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Lockheed, Raytheon complete 1st launch exercise for next-gen GPS sats

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An artist's rendering of the GPS III satellite. Photo: Lockheed Martin.

NEWTOWN, PENNSYLVANIA (BNS): Raytheon Company and Lockheed Martin have successfully completed the first launch readiness exercise for the US Air Force's next generation GPS III satellites.

The exercise is a key milestone demonstrating the team remains on schedule to achieve launch availability in 2014, according to a statement by Lockheed Martin.

The Lockheed Martin-built GPS III satellites and the Raytheon-developed next generation GPS operational control system, known as OCX, are critical elements of the US Air Force's effort to affordably replace aging GPS satellites while improving capability to meet the evolving demands of military, commercial and civilian users worldwide.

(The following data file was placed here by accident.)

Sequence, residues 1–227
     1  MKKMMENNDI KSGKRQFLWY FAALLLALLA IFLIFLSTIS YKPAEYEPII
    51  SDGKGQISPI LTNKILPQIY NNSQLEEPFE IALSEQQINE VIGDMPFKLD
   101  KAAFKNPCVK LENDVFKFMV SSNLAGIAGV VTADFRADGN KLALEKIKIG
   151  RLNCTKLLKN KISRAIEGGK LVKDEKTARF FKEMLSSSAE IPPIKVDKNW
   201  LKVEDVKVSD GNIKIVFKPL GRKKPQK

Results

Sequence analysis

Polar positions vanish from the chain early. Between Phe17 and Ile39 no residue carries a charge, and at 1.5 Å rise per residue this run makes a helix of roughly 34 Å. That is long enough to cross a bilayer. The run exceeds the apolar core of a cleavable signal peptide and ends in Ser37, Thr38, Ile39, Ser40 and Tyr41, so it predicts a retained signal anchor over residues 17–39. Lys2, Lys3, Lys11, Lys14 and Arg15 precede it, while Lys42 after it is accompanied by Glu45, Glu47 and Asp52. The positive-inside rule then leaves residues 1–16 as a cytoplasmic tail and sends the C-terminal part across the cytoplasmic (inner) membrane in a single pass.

This is the first space and ground enterprise successfully building the ground control and space vehicles by two independent prime contractors.

"Completion of our first GPS III launch readiness exercise is a major milestone for the entire GPS enterprise and is a solid indictor that our space and ground segments are well synchronised," Col Bernie Gruber, the director of the US Air Force's Global Positioning Systems Directorate, was quoted as saying in the statement.

The launch readiness exercise, completed over a three day period by mission operations personnel, validated the basic satellite command and control functions, tested the software and hardware interfaces and demonstrated basic on-console procedures required for space vehicle contacts during the launch and early orbit mission.

The event sets the stage for the first GPS III satellite's mission readiness timeline, which includes five short-duration exercises and six, five day mission rehearsals leading up to launch, the report added.

"This achievement is a testament to efficient planning and synchronisation by the US Air Force and demonstrates that we are on track to deliver critical GPS III capabilities to military, commercial and civilian users worldwide," said Keoki Jackson, vice president of Lockheed Martin's Navigation Systems mission area.


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